The week hyped as “gigaweek” closed with a rather quotidian Impressionist/ modern sale last night at Christie’s. A few records were broken, sure, but even the night’s most notable sale—the first Frida Kahlo to reach auction in ten years—went for under the low estimate.
Though the auctions brought in more than $1 billion this week, as Christie’s execs touted in the presser following yesterday’s auction, the feeling in the room last night was a combination of exhaustion and apathy, for the most part.
Certain lots still brought out spirited bidding. Early on, an elegant Barbara Hepworth called Sculpture With Colour (Eos) sold for $5.4 million with buyer’s premium—more than double the high estimate. Murmurs of approval spread through the fairly thin audience. The buyer was on the phone from Hong Kong.
Renoir’s La Marchande de pommes and Paul Klee’s Die Schlange auf der Leiter also sold for more than twice their low estimate.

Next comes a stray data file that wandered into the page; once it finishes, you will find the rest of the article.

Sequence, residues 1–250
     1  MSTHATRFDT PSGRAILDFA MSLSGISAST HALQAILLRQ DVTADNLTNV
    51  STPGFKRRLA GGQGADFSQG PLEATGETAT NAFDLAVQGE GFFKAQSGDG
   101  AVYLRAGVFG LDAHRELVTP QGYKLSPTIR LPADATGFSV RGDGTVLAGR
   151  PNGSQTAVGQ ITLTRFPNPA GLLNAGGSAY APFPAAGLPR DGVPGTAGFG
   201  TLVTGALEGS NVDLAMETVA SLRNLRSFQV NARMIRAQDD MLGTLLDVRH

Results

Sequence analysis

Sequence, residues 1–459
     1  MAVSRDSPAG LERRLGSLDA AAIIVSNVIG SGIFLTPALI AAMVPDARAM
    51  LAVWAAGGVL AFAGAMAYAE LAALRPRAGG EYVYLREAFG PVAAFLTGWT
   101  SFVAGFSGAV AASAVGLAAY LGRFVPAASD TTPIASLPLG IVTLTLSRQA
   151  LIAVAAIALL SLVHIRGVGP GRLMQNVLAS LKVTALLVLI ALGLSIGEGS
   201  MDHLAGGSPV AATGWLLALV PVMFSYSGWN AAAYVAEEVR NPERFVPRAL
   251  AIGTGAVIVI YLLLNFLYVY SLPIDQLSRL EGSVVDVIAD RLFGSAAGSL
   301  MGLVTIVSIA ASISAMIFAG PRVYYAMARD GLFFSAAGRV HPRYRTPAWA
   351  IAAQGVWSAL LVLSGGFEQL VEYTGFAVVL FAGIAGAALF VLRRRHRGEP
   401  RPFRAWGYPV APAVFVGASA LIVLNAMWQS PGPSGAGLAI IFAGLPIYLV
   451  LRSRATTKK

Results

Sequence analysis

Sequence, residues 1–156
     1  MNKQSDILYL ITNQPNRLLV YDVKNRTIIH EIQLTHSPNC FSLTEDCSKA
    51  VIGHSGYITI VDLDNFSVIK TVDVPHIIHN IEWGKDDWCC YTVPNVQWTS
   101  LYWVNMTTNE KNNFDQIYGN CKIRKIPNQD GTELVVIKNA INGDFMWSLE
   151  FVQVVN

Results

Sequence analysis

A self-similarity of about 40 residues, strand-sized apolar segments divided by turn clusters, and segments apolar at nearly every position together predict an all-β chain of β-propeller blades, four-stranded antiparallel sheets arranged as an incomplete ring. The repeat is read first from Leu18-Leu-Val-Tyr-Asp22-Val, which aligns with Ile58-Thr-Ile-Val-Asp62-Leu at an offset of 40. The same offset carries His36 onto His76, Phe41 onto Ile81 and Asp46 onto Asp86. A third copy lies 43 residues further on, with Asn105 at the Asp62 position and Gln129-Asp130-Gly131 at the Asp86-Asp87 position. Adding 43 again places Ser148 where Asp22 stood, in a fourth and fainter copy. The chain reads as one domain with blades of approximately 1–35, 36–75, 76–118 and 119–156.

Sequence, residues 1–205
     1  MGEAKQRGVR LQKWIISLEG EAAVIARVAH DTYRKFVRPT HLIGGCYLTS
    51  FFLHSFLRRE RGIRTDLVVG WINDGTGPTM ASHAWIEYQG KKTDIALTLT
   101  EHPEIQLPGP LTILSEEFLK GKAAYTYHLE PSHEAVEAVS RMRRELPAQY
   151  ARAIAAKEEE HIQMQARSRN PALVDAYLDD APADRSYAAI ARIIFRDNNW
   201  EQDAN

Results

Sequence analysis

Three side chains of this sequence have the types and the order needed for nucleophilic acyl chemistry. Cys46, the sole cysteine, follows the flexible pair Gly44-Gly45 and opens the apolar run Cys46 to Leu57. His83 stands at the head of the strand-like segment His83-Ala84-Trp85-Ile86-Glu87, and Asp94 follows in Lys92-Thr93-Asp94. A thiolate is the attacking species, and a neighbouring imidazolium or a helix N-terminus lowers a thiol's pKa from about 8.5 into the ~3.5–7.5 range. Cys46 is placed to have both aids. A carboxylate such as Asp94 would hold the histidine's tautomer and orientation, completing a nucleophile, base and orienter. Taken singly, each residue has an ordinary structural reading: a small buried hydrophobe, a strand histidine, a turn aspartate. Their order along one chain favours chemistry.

The Frida Kahlo, Dos desnudos en el bosque (La tierra misma), sold for a little over $8 million with buyer’s premium and was a record for the artist at auction as well as a record for a Latin American artist at auction, according to Brooke Lampley, the head of the Impressionist and modern department at Christie’s.
And all in all, the 86 percent sell-through rate by lot (89 percent by value) was totally respectable.
“There was great bidding, particularly from Asia,” said Ms. Lampley. When pressed, however, she admitted that the tone of the evening was somewhat subdued. “We saw an educated audience bidding at the prices we had set,” she hedged, blaming hesitance on collectors’ sophistication. “People had to make choices.”
The evening’s priciest sale was Monet’s Le bassin aux nymphéas, which hammered at $25 million ($27.05 million with buyer’s premium). That’s right at the low estimate of $25 million.
Still, the assortment of works that hit the block seemed to indicate a general trepidation about the market. Aside from the Kahlo, nothing spectacular was on offer. Part of that may have been because of an apparent hesitation to guarantee works—only one piece of the 51 lots that went up was guaranteed, a Christie’s spokesperson confirmed. Of course, the conservative approach may be a wise one in this market, and Christie’s can surely endure a couple less-than-stellar sales.
One auction house employee who did not want to be identified said “it’s not that people don’t want to sell; they don’t want to sell now.”